2006 EMC Corporation. All rights reserved.

Module Summary
Key points covered in this module:
The best practices for planning Backup and Recovery.
The common media and types of data that are part of a
Backup and Recovery strategy.
The common Backup and Recovery topologies.
The Backup and Recovery Process.
Management considerations for Backup and Recovery.

2006 EMC Corporation. All rights reserved.

Check Your Knowledge


What are three reasons for doing a Backup plan?
What are the three topologies that support creating a
Backup set?
What are the advantages and disadvantages of using
tape as the Backup media?
What are the three levels of granularity found in
Backups?

2006 EMC Corporation. All rights reserved.

Apply Your Knowledge


Upon completion of this topic, you will be able to:
Describe EMCs product implementation of a Backup
and Recovery solution.

2006 EMC Corporation. All rights reserved.

EMC NetWorker
Tiered Protection and Recovery Management

Remove risk
Faster and more consistent data backup

Improve reliability
Keep recovery copies fresh and reduce
process errors

Basic
Tape backup
and recovery

Lower total cost of


ownership
Centralization and ease of use

2006 EMC Corporation. All rights reserved.

Low

Backup
to disk

Advanced
backup

Disk-backup
option

Snapshot
management

SERVICE-LEVEL REQUIREMENTS

High

NetWorker Backup and Recovery


Solution Features
Enterprise protection
Basic Architecture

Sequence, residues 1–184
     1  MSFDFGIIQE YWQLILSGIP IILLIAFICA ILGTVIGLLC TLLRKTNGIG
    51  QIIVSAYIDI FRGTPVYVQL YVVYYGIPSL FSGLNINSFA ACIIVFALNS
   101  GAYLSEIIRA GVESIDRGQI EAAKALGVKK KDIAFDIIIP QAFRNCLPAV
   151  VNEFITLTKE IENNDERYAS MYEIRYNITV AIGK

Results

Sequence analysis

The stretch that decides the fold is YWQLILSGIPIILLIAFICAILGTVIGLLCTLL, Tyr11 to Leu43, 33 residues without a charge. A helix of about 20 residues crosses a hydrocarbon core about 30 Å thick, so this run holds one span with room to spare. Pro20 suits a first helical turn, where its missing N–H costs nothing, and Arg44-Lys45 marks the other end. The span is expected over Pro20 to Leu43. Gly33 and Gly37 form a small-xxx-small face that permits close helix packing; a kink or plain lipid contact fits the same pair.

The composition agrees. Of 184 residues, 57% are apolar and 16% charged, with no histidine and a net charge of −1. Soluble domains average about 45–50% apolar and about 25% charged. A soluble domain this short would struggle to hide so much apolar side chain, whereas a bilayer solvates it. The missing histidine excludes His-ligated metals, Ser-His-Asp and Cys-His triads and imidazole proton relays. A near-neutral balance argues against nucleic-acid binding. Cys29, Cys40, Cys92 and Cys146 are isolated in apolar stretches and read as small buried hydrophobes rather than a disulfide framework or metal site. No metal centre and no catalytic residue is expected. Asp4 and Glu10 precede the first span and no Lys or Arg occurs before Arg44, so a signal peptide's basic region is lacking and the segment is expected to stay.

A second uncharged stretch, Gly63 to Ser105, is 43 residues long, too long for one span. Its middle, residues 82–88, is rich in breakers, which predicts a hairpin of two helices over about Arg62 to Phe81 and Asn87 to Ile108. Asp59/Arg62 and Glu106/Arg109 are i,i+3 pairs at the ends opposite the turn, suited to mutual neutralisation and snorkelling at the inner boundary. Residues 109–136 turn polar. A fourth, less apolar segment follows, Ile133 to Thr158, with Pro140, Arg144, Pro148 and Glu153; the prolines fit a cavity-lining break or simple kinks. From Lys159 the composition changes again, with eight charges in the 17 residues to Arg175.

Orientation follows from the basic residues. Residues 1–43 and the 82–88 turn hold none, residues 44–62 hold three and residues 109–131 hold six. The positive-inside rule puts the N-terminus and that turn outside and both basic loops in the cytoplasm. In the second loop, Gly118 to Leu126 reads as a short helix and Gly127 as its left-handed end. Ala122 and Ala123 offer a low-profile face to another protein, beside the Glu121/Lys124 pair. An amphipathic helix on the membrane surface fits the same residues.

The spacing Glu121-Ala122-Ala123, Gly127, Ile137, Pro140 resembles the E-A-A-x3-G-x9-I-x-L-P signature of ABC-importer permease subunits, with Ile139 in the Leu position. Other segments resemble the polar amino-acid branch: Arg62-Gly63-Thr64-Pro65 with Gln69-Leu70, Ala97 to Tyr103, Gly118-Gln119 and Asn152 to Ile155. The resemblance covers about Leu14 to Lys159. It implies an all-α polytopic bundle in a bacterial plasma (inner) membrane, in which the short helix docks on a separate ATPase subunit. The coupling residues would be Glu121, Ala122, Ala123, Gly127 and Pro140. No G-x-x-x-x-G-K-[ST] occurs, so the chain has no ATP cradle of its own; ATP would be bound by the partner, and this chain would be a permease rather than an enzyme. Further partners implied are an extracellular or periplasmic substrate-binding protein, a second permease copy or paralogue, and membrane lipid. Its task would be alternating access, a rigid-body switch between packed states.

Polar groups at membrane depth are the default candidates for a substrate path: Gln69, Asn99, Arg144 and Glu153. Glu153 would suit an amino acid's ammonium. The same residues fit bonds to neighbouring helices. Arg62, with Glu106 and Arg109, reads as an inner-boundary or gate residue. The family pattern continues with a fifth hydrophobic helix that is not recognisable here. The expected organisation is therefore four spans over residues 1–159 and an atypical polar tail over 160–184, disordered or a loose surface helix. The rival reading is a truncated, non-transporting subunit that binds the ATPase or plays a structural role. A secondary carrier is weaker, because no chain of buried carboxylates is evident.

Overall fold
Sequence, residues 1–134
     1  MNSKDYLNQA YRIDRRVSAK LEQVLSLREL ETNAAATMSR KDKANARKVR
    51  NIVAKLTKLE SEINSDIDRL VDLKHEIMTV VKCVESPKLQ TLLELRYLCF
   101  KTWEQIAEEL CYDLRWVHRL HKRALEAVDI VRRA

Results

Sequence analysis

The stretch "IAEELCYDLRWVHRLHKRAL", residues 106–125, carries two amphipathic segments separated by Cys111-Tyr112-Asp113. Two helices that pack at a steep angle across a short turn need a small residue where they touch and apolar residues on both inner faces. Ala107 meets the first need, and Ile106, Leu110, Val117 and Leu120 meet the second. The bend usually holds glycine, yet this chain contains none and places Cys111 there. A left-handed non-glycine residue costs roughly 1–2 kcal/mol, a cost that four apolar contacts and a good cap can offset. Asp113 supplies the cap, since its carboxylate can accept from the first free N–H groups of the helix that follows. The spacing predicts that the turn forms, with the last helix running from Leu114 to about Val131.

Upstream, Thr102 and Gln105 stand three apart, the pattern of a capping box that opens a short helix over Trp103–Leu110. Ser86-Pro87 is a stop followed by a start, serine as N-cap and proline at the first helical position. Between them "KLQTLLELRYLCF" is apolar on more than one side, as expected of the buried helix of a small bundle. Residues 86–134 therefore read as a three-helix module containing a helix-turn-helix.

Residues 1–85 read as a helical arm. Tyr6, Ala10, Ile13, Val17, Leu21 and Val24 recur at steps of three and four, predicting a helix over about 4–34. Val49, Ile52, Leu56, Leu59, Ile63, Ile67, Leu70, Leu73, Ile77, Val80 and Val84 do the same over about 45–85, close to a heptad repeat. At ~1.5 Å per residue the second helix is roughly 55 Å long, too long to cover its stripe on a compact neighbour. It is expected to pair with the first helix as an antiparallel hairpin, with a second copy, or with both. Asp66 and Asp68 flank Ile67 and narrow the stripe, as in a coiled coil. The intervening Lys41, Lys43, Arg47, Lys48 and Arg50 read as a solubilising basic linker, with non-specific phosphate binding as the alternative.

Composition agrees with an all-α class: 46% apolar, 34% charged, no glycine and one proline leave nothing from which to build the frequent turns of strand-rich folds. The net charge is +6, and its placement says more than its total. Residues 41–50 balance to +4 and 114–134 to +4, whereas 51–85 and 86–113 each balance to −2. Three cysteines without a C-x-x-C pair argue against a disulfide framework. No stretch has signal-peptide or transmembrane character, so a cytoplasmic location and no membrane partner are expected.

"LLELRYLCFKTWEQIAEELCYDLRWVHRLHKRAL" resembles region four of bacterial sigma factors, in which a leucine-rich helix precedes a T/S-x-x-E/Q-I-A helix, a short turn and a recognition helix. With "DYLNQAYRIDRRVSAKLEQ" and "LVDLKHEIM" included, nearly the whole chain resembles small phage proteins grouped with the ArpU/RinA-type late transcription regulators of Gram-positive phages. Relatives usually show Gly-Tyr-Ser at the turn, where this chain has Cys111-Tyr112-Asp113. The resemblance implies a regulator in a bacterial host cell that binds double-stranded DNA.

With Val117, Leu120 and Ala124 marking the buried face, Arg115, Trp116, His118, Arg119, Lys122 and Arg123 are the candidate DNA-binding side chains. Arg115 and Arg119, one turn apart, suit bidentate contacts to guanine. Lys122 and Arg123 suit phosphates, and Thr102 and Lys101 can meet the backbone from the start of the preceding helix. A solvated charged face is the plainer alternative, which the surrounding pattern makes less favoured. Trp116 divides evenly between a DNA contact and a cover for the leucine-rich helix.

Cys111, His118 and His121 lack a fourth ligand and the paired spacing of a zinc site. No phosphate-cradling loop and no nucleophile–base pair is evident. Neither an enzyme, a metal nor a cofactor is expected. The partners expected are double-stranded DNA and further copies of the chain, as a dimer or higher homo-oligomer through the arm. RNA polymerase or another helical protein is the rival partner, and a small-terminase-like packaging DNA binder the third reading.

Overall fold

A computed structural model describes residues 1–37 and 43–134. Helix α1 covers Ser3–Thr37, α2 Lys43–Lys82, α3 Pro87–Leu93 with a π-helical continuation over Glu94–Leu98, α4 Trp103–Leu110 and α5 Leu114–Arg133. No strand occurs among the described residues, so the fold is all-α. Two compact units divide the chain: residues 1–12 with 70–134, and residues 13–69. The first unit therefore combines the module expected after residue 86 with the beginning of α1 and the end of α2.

Heterogeneous
clients

Critical applications
Heterogeneous platforms and
storage
Scalable architecture

Key
applications

LAN

Centralized management

Backup
server
NAS
(NDMP)

SAN

256-bit AES encryption and secure


authentication

Storage
Node

Graphical user interface


Customizable reporting
Wizard-driven configuration

Performance
Tape
library

Data multiplexing
Advanced indexing
Efficient media management

2006 EMC Corporation. All rights reserved.

Critical Application and Database Protection


Backup without Application
Modules

Backup with NetWorker


Application Modules

Offline (Cold)

24x7 OPERATIONS

SAVE

NetWorker MODULE

Application

Back up
application

Restart
application

Application

DOWNTIME

Shut down
application

Application

Integration with application APIs


for backup and recovery

2006 EMC Corporation. All rights reserved.

Media-Management Advantages
Open Tape Format
Datastream multiplexing
Self-contained indexing
Cross-platform format

UNIX Windows Linux

Minimize impact of tape corruption

Dynamic drive sharing


Cross-platform tape-drive sharing
On-demand device usage
Reduce hardware total cost of
ownership

2006 EMC Corporation. All rights reserved.

NetWorker
UNIX/Linux

NetWorker
Windows

NetWorker DiskBackup Option


Backup-to-Disk Architecture
Heterogeneous
clients

Key
applications

Backup
server
SAN

Simultaneous-access operations
No penalty on restore versus tape

Policy-based migration of data